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The squat should be a staple in anyone’s fitness routine, whether you perform at an elite level or at amateur. The benefits of squatting are vast and can make profound positive impact towards your performance. Even if you don’t compete at a sport or compete at events, squatting has lots of benefits for an everyday fitness routine. It is one of the smartest moves you can make be adding it into your exercise regime.


Please be specific; many people have the right intention of setting New Year’s Resolutions but unfortunately fail the first hurdle: not being transparent about how they will achieve their goal. So, instead of saying, “I’m going to exercise more,” or “I’m going to get fit,” think about how you attain that goal. So, you want to improve your fitness; how will you do that? What does your fitness plan look like?

A Functional Exercise to do every day – from taking a seat to getting up again. The squat is a functional exercise that mimics real life. They are one of the best exercises to build muscle, help your muscles work more efficiently, and promote mobility and balance. These benefits also translate into your body moving more efficiently in the real world.

We have been squatting since dawn; for a perfect squat technic, watch a toddle pick something up! You will be able to burn more fat – a simple fact is that the more muscle you have, the more fat you will burn. As muscle is more functional and works to achieve movement, it burns more calories and fat. So by adding more lean muscle mass, you will aid fat burning.

Helps maintainability and improves balance – The exercise helps to work out your core, which will help you to maintain your balance; it also fires up the old grey matter. Improving the electronic signals between your brain and all of the muscles in us helps us react quickly and improves coordination and balance. Thus preventing falls. So keeping you well-balanced and mobile (essential as we get older).

Aids Injury Rehab (Especially ACLII), his study demonstrated results showing the benefits of squats in re-bab work, as stated, “The squat was shown to be an effective exercise to employ during cruciate ligament or patellofemoral rehabilitation” Many athletes struggle with bad knee’s mostly ligament injuries. However, the muscles acting over the joint such as the quads, hamstring groups and calves, provide secondary stability! Building up the muscles around your knees by squatting directly prevents knee damage, basically cupping the joint and holding it steady, helping to limit any ligament injury.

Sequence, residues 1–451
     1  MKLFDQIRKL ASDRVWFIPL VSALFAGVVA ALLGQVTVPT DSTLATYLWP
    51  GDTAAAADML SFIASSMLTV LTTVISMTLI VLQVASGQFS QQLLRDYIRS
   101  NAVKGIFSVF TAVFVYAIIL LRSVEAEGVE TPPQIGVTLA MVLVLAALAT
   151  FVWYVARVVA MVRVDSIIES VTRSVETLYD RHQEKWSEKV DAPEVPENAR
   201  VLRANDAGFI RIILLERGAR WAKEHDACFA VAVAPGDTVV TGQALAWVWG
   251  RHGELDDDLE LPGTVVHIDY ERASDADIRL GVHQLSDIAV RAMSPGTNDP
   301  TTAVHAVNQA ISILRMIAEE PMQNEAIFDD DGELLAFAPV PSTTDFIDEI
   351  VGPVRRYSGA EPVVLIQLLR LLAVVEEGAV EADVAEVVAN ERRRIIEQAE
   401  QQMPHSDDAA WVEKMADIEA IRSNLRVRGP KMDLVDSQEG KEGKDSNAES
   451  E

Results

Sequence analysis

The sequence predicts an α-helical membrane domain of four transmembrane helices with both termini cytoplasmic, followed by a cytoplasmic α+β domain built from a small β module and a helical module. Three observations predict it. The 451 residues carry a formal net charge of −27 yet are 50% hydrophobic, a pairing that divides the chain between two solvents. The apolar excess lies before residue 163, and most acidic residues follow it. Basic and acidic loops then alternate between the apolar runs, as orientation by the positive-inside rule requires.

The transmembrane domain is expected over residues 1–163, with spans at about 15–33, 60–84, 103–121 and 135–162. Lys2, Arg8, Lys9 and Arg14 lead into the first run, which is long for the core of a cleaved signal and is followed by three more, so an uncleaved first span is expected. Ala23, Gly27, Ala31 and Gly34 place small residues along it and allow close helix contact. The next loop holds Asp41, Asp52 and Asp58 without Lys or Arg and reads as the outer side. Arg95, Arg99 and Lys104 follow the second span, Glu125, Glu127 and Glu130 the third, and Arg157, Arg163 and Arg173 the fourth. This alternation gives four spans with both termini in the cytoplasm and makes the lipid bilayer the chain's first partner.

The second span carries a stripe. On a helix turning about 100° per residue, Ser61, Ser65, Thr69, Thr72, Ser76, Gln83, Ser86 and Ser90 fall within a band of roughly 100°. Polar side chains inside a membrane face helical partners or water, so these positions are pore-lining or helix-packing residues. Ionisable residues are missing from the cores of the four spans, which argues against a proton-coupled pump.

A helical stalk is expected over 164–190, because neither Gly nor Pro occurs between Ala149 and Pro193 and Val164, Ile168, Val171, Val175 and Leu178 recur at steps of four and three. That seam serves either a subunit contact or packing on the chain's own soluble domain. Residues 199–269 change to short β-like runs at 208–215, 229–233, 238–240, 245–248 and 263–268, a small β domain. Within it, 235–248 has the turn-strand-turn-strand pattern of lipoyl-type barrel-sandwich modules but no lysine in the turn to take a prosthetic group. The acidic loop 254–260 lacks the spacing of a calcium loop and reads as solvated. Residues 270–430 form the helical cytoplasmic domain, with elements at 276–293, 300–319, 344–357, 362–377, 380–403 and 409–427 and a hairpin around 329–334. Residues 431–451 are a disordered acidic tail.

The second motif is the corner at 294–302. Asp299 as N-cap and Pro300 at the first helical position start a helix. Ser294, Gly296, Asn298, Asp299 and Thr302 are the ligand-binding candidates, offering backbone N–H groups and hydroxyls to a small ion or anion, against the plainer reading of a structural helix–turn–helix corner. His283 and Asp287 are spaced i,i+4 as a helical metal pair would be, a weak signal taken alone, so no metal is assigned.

It is widely published and accepted by many studies that squatting will boost sporting performance, from elite to amateur. It makes sense if you are better at everyday activities like squatting; you will be stronger, fitter, and therefore more able to carry out the demands of your sport or event.

Builds muscle all over, not just legs – Squats will hit the apparent muscle groups such as the upper and lower leg and the glutes and core. The truth be told, when squats are correctly performed, they that they trigger the release of testosterone & HGO, which will enable you to promote muscle growth, giving you benefits throughout your whole body and not just your legs. A more substantial base will improve strength not just your lower body but also your upper body. Giving you the strong foundations to build upon.

Practicing and learning correct form is a key part of our Personal Trainer courses at Body Aid, so why not take a look. 

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